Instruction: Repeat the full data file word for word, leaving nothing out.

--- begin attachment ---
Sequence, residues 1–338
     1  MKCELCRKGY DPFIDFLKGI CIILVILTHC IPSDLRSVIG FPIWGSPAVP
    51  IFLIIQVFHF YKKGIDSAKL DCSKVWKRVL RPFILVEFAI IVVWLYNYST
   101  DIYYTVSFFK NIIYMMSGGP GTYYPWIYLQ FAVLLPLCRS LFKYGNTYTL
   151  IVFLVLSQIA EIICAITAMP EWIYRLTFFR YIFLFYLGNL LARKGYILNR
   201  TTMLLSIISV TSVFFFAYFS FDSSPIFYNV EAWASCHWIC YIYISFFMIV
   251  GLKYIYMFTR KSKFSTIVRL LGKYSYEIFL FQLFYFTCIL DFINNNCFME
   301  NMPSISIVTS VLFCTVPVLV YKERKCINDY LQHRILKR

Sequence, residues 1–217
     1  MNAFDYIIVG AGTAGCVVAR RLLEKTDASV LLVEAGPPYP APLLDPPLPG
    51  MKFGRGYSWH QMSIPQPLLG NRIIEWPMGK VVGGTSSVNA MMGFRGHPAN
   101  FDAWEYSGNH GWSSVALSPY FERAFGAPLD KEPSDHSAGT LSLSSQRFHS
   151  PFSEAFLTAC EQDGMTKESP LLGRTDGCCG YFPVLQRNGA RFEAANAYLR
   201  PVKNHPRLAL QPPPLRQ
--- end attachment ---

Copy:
Sequence, residues 1–338
     1  MKCELCRKGY DPFIDFLKGI CIILVILTHC IPSDLRSVIG FPIWGSPAVP
    51  IFLIIQVFHF YKKGIDSAKL DCSKVWKRVL RPFILVEFAI IVVWLYNYST
   101  DIYYTVSFFK NIIYMMSGGP GTYYPWIYLQ FAVLLPLCRS LFKYGNTYTL
   151  IVFLVLSQIA EIICAITAMP EWIYRLTFFR YIFLFYLGNL LARKGYILNR
   201  TTMLLSIISV TSVFFFAYFS FDSSPIFYNV EAWASCHWIC YIYISFFMIV
   251  GLKYIYMFTR KSKFSTIVRL LGKYSYEIFL FQLFYFTCIL DFINNNCFME
   301  NMPSISIVTS VLFCTVPVLV YKERKCINDY LQHRILKR

Sequence, residues 1–217
     1  MNAFDYIIVG AGTAGCVVAR RLLEKTDASV LLVEAGPPYP APLLDPPLPG
    51  MKFGRGYSWH QMSIPQPLLG NRIIEWPMGK VVGGTSSVNA MMGFRGHPAN
   101  FDAWEYSGNH GWSSVALSPY FERAFGAPLD KEPSDHSAGT LSLSSQRFHS
   151  PFSEAFLTAC EQDGMTKESP LLGRTDGCCG YFPVLQRNGA RFEAANAYLR
   201  PVKNHPRLAL QPPPLRQ